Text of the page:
JCS
 
JSON Cleartext Signature
Table of Contents
1. Introduction
2. Sample Signature
3. Signature Scope
4. Normalization and Signature Validation
5. Notation
6. Data Types
7. JCS Objects
Top-level Property
signature
publicKey
Additional EC properties
Additional RSA properties
signerCertificate
extensions
Appendix A: ECMAScript Compatibility Mode
Appendix B: Multiple Signatures
Appendix C: Usage in Applications
Appendix D: Interoperability
Appendix E: Acknowledgements
Appendix F: References
Appendix G: Document History
Appendix H: Author
1. Introduction
JCS is a scheme for signing data expressed as JSON [RFC7159] objects. It is loosely modeled after XML DSig's [XMLDSIG] "enveloped" signatures. Compared to its XML counterpart JCS is quite primitive but on the other hand it has proved to be simple to implement and use. That is, JCS follows the "spirit" of JSON.
Unlike IETF's JWS [RFC7515], JCS was designed to be an integral part of a JSON object rather than embedding arbitrary signed data. There are (of course) pros and cons to both approaches, but for information-rich messaging, clear-text data at least have an advantage for documentation and debugging. To cope with the primary drawback (the potential dependency on canonicalization), this part has been extremely simplified. In fact, JCS only relies on predictable serialization of JSON data.
In order to make library support of JCS straightforward in spite of having a different structure compared to JWS [RFC7515], JCS supports the same algorithms, curve names, signature blob representation, and public key objects. The only crypto object that differs is JWS's "x5c" since it (presumably for historical reasons), uses Base64 [RFC4648] rather than Base64URL encoding.
Thanks to predictable serialization introduced in ECMAScript [ES6], JCS may also be used for "in-object" JavaScript signatures, making JCS ideal for HTML5 applications. See ECMAScript Compatibility Mode.
2. Sample Signature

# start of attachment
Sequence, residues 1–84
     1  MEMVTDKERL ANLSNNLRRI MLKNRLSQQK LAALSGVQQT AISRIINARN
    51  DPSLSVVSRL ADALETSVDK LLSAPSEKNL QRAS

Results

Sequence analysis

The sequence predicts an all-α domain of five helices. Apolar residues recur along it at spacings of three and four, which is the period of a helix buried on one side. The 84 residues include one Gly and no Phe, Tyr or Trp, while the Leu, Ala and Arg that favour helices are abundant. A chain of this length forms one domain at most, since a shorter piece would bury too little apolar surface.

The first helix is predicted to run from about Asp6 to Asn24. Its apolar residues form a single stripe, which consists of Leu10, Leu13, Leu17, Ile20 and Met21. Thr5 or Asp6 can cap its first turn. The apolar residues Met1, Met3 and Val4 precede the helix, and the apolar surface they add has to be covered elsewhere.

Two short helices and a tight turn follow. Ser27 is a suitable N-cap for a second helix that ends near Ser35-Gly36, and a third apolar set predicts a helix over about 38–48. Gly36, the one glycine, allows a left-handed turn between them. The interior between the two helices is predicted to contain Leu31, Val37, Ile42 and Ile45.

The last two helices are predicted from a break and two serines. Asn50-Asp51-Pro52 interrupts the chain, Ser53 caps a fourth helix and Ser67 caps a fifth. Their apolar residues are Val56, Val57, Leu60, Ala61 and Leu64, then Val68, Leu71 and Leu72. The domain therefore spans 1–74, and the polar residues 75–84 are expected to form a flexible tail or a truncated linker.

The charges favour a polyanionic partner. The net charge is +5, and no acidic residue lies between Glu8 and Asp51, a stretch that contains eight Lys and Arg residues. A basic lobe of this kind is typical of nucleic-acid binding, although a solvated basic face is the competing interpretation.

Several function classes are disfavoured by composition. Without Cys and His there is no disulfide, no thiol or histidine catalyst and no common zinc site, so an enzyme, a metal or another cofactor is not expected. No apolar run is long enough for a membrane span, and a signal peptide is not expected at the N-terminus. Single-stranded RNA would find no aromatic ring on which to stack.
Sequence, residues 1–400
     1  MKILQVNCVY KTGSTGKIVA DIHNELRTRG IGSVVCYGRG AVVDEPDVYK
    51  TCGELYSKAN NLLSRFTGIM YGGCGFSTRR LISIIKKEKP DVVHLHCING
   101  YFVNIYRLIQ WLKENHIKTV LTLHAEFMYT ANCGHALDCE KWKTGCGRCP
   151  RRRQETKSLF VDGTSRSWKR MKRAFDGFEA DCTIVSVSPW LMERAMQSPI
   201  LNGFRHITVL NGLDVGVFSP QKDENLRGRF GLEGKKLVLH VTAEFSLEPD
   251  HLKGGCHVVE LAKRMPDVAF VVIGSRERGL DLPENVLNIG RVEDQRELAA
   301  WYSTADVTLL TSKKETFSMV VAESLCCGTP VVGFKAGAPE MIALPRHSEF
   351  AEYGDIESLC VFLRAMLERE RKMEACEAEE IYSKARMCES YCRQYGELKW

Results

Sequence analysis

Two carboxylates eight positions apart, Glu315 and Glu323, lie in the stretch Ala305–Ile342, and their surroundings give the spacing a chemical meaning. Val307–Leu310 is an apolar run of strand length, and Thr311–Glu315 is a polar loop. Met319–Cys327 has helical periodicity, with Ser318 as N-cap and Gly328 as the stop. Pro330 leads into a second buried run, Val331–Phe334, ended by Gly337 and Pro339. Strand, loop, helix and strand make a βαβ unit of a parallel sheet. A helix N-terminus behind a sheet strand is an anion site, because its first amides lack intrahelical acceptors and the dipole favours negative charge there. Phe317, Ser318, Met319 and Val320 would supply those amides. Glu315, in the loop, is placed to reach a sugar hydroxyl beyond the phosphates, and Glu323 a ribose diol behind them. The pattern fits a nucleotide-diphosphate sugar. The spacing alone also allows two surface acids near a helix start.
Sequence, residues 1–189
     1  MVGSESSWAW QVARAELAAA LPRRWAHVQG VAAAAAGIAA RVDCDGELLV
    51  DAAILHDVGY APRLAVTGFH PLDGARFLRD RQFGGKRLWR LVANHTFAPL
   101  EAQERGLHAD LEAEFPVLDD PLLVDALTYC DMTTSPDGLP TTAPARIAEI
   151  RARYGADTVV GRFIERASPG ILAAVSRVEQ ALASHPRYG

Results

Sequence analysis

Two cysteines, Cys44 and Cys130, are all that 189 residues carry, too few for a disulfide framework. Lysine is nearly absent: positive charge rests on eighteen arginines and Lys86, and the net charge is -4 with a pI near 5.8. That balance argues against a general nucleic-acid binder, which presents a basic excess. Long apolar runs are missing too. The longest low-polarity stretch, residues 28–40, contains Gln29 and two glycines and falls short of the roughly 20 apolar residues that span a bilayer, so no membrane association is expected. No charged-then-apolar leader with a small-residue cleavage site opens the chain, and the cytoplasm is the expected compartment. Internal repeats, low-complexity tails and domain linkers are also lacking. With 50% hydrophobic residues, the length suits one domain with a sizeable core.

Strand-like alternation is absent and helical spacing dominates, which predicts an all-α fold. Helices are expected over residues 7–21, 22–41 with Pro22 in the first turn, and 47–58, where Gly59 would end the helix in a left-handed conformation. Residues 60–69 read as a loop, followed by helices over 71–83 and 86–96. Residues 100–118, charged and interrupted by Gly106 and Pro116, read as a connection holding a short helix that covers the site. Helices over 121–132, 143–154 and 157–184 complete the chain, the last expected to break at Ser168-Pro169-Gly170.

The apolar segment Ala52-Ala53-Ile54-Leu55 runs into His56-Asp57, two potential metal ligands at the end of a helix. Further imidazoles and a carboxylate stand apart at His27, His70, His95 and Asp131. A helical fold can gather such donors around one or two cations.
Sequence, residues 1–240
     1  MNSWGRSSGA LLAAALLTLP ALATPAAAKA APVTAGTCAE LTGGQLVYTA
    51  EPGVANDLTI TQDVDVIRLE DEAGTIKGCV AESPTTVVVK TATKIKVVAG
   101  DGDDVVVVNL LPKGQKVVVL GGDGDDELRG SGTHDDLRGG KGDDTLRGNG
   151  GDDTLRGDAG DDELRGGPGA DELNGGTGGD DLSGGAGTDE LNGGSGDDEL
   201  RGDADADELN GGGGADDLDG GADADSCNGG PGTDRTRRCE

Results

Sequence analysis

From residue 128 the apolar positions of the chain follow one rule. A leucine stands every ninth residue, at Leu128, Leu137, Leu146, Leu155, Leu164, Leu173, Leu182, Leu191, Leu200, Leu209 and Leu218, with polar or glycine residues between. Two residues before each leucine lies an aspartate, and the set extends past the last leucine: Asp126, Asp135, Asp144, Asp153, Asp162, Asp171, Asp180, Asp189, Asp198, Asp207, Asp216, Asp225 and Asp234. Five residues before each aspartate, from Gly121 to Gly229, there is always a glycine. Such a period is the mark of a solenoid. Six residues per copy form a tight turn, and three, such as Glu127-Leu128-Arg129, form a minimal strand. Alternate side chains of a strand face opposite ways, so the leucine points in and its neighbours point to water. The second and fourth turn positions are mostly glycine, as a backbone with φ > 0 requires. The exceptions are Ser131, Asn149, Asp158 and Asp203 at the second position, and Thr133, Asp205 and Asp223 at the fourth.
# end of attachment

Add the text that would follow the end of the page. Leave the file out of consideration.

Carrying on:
The following cryptographically verifiable sample signature is used to visualize the JCS specification:
{
  "now": "2015-01-12T09:22:36Z",
  "escapeMe": "\u20ac$\u000F\u000aA'\u0042\u0022\u005c\\\"\/",
  "numbers": [1e0, 4.50, 6],
  "signature": {
    "algorithm": "ES256",
    "publicKey": {
      "type": "EC",
      "curve": "P-256",
      "x": "lNxNvAUEE8t7DSQBft93LVSXxKCiVjhbWWfyg023FCk",
      "y": "LmTlQxXB3LgZrNLmhOfMaCnDizczC_RfQ6Kx8iNwfFA"
    },
    "value": "C1qP8PghKOl6NT8gpoy6cDI1Uzls_o8mYECYnWT-CkRaIaiZd9u_4nDKRhQvjbbeWZ1FiHPMs3TKmXIBSCuUHg"
  }
}
The sample signature's payload consists of the properties above signature. Note: JCS does not mandate any specific ordering of properties like in the sample.
3. Signature Scope
The scope of a signature (what is actually signed) comprises all properties including possible child objects of the JSON object holding the signature property except for the value property (shaded area in the sample).
4. Normalization and Signature Validation
Prerequisite: A JSON object in accordance with [RFC7159] containing a properly formatted signature sub-object.
Parsing restrictions:The normalization steps are as follows:Applied on the sample signature, a conforming JCS normalization process should return the following JSON string:
{"now":"2015-01-12T09:22:36Z","escapeMe":"$\u000f\nA'B\"\\\\\"/","numbers":[1e0,4.50,6],"signature":
{"algorithm":"ES256","publicKey":{"type":"EC","curve":"P-256","x":"lNxNvAUEE8t7DSQBft93LVSXxKCiVjhbWW
fyg023FCk","y":"LmTlQxXB3LgZrNLmhOfMaCnDizczC_RfQ6Kx8iNwfFA"}}}
The text in red highlights the core of the normalization process. Note that the output string was folded for improving readability.